|Re: Hot Tub Policies in Cohousing||<– Date –> <– Thread –>|
|From: Joani Blank (jeblankic.org)|
|Date: Sun, 9 Jan 2000 22:06:22 -0700 (MST)|
We have a hot tub at Doyle Street. We put it in after all the inspectors had gone away. We are not planning to put in a hot tub in Old Oakland, although we've designated a place for it in the design of our garden. At Doyle Street at the beginning we had a policy of "public hours," 7-9 PM daily if I remember correctly, during which suits were not optional. During other evening hours it was suits optional unless a resident wanted to reserve an hour (or two) during which he or she and guests could either do suits or not. The whole system kind of fell apart--was honored in the breach mostly--when the people who wanted to be sure there were no naked people in the tub hardly (or never) used it. The way it has worked, as far as I know, for most of the seven years I've been here is that if anyone approaches the tub and realizes that others are in there already, they will ask if this is a private use, or if they are welcome to join in, and those in the tub need to say whether or not they want company. Our community is small enough and few enough people use the tub, that there has, to my knowledge been a problem sharing time in the tub. One of our teenagers had a few parties with her friends (from outside the community, and she reserved the tub and all the kids wore suits. In the last few years there has been much more daytime use by kids and their parents. And everyone seems to wear suits in the daytime. Remember that we are in a very urban place; since the hot tub is upstairs, anyone walking to the tub (except one household whose front door is just 6feet from the gate!) can be seen by anyone who happens to be on the street up to a block away. I know you at Harmony Village have been planning to put a hot tub on the roof from the start. And I assume your builder took that into account when he or she designed that part of the roof. Hot tubs are really heavy when they are full (duh!) and leaks or overflows can comprise the waterproofness of your roof. You may also invalidate the insurance policy which covers your common structure by putting a hot tub on the roof. Presumably you have already checked this out. Also when I visited you, I felt bad that people with disabilities that prevent them from climbing the stairs would not be able to use your tub. Our state law in California requires that all common amenities in a condominium except storage be accessible to everyone. Of course people do all kinds of semi and illegal stuff after the inspectors go away, and after all the official agencies have signed off on the project. It's just the principle of the thing. Our hot tub cover was locked with a small combination lock attached to a canvass strap. If everyone were to forget the combo we could always unscrew the bracket that held the lock or even cut the canvas strap. It was a system devised to keep our younger kids from just casually opening it, but was not a serious attempt to keep the tub "secure." And I think the strap has been frayed and broken for som etime and no one has fixed it. Kids understand that they are not to go in the tub without adult supervision. Because we are in such close quarters, we do have some understandings about noise in the tub. I think that we allow no bubbles or jets on after 10:00, and we expect that people will keep their voices down then as well. We also like to remind people from time to time not to take bottles or glasses into the hot-tub enclosure. Joani Blank Old Oakland Cohousing--current final "take possession" date is February. Then we have those pesky concrete floors to deal with before moving in.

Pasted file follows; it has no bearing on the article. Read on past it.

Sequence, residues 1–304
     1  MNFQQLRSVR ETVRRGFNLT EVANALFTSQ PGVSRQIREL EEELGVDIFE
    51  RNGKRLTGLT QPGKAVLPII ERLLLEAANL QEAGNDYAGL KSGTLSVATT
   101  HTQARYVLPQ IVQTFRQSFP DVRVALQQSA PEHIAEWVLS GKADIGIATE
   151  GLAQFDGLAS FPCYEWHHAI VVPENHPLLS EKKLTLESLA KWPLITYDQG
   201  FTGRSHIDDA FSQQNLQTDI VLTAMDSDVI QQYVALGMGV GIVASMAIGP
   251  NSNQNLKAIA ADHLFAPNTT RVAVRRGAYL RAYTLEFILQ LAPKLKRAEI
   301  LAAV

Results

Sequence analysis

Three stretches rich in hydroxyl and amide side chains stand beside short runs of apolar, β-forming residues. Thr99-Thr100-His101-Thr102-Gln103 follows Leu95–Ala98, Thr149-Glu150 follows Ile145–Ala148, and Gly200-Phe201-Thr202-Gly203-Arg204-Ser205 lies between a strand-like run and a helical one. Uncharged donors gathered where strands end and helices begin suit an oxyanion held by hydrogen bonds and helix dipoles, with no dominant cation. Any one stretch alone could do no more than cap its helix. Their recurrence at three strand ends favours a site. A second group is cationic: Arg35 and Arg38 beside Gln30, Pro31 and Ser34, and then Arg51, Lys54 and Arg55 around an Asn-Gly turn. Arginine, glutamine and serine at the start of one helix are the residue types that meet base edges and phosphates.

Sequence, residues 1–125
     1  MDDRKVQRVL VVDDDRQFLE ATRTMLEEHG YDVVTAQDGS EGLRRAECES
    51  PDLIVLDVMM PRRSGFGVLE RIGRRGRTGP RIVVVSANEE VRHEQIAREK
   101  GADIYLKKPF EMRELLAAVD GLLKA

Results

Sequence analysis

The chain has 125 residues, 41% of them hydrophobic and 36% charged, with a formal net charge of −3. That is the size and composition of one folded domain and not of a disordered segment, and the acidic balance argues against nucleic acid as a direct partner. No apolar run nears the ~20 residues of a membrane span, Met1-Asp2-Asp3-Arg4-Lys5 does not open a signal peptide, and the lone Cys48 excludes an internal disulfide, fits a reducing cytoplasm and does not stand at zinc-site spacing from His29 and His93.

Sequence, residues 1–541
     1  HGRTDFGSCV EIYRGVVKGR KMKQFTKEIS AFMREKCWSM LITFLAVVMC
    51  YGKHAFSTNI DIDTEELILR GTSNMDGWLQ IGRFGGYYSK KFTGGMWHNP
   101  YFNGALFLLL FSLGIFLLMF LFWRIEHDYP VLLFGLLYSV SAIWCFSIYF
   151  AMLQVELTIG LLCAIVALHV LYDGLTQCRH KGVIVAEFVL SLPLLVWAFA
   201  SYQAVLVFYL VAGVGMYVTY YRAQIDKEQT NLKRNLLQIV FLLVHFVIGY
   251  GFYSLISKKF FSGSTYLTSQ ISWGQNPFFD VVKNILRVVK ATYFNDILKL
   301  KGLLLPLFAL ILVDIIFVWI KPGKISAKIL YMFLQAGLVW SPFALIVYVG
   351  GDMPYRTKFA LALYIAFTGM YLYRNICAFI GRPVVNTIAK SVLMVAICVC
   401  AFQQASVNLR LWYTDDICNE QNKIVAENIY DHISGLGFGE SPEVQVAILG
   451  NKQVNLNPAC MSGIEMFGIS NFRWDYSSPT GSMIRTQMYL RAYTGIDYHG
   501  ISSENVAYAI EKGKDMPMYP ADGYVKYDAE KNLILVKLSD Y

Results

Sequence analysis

- Hot tub policies in cohousing Cheryl Charis-Graves, January 5 2000
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